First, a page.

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Courtesy of BusinessInsurance.com

Supreme Court to review case on federal health exchange premium subsidies

November 7, 2014 - 2:14pm
Jerry Geisel

The U.S. Supreme Court on Friday agreed to decide whether health care reform law premium subsidies are available to the millions of uninsured Americans obtaining health care coverage through federal insurance exchanges.

At issue is the validity of 2012 Internal Revenue Service regulations that said the premium subsidies would be available to eligible beneficiaries purchasing coverage in state or federal exchanges.

Two appeals court panels have split on the legality of the IRS rules. In July, a three-judge panel of the U.S. Circuit Court of Appeals for the District of Columbia ruled that the law is explicit that the subsidies only are available for coverage if purchased through state exchanges.

Yet on the same day, a three-judge panel of the 4th U.S. Circuit Court of Appeals in Richmond, Virginia, said the IRS interpretation of the ACA to permit subsidies for coverage obtained in federal as well as state exchanges was correct.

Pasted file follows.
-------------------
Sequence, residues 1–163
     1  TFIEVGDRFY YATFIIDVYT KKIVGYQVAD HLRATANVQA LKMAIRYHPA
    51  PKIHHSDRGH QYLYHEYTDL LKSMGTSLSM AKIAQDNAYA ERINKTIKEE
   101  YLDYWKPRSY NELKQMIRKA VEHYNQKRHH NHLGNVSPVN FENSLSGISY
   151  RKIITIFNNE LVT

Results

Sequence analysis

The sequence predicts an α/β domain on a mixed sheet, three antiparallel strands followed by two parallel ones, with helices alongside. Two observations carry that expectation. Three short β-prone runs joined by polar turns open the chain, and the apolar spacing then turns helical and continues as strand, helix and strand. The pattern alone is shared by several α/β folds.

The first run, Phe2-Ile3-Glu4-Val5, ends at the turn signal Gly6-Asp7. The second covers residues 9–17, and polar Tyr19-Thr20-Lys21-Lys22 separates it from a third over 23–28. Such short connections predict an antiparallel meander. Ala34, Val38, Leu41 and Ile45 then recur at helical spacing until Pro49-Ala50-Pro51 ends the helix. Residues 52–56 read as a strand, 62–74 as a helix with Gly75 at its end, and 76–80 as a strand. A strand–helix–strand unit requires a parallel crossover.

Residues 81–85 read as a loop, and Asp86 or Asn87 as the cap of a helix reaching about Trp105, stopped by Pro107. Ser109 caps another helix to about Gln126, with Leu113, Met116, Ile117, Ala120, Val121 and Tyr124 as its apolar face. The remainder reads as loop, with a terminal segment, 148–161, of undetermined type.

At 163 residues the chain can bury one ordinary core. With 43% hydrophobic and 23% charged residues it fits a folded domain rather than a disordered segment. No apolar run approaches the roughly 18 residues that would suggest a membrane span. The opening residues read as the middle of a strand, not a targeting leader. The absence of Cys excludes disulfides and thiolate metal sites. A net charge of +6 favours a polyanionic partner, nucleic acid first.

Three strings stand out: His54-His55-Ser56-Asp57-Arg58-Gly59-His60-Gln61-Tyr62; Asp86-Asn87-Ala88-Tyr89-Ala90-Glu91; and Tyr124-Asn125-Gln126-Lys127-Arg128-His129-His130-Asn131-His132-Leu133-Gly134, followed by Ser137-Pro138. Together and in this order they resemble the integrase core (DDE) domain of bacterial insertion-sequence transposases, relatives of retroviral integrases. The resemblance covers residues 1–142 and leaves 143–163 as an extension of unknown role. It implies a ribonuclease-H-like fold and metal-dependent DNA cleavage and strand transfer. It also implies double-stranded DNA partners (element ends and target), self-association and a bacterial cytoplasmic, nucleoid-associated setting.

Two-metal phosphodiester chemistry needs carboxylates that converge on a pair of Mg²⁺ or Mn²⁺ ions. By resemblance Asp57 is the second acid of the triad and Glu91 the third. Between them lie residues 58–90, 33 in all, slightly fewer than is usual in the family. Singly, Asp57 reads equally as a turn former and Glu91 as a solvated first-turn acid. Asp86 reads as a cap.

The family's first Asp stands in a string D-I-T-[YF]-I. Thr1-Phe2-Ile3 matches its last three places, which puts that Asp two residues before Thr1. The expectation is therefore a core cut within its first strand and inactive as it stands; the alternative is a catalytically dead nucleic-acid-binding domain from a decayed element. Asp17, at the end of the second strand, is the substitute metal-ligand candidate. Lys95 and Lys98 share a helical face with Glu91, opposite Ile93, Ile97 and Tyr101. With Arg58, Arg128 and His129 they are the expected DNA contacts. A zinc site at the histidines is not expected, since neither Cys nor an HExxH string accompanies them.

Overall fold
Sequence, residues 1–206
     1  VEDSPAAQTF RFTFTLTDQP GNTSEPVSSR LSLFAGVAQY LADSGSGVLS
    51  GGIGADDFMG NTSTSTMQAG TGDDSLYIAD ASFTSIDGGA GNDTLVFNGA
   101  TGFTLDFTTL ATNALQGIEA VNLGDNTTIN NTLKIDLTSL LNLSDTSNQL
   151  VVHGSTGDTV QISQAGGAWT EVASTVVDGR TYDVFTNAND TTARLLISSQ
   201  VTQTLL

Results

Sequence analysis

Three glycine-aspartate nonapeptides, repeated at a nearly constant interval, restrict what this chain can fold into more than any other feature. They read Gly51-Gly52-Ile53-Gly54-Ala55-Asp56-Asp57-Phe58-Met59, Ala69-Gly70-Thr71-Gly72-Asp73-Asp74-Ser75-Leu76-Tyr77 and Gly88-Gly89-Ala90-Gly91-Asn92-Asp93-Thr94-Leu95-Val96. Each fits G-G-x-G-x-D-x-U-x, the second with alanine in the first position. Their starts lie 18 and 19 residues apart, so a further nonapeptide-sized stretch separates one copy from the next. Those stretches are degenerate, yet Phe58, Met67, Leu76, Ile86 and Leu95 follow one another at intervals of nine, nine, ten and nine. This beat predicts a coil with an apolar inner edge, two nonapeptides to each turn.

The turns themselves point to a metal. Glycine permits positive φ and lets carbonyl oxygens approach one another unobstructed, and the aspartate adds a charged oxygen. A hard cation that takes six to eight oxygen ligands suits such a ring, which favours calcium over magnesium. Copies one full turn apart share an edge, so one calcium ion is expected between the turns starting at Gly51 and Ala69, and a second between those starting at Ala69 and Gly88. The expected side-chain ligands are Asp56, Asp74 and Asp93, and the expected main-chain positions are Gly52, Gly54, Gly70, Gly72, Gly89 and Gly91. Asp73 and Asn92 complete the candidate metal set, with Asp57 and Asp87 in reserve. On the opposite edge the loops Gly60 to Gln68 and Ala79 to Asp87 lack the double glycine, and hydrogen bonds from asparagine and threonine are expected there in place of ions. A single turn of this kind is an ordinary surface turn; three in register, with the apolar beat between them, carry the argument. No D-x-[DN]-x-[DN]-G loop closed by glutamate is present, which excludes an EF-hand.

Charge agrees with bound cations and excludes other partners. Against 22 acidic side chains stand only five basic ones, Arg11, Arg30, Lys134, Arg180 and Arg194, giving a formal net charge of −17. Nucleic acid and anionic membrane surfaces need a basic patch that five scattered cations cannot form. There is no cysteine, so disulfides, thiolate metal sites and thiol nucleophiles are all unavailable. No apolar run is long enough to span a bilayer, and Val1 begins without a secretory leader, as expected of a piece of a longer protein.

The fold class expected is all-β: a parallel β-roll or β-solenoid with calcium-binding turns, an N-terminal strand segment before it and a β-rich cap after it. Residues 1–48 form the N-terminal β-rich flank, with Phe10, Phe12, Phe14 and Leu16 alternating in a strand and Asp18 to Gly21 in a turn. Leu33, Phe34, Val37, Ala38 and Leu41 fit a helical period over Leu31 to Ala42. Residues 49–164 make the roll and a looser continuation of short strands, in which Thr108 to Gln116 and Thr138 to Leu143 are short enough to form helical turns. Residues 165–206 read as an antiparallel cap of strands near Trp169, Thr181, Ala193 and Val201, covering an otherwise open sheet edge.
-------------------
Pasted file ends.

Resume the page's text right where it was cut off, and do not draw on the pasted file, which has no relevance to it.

If premium subsides were limited to state exchanges, “the economic framework supporting the (health care reform law) would crumble if the credits were unavailable on federal exchanges,” the appeals court ruled.

Of the 8 million individuals who enrolled in health insurance exchanges through the end of March, 2.6 million received coverage in state exchanges and 5.4 million received coverage in federal exchanges, according to the U.S. Department of Health and Human Services. In both state and federal exchanges, about 85% of enrollees received ACA-authorized premium subsidies.

The Supreme Court made its decision to review the 4th Circuit ruling without waiting for a decision by the full D.C. Circuit, which earlier agreed to review its three-judge panel's decision striking down premium subsidies in federal exchanges.

A Supreme Court ruling in the premium subsidy issue will be the second time the high court has taken up the Patient Protection and Affordable Care Act. In 2012, the high court in a 5-4 decision, upheld a provision in the law that requires individuals to obtain health insurance coverage or be liable for a financial penalty.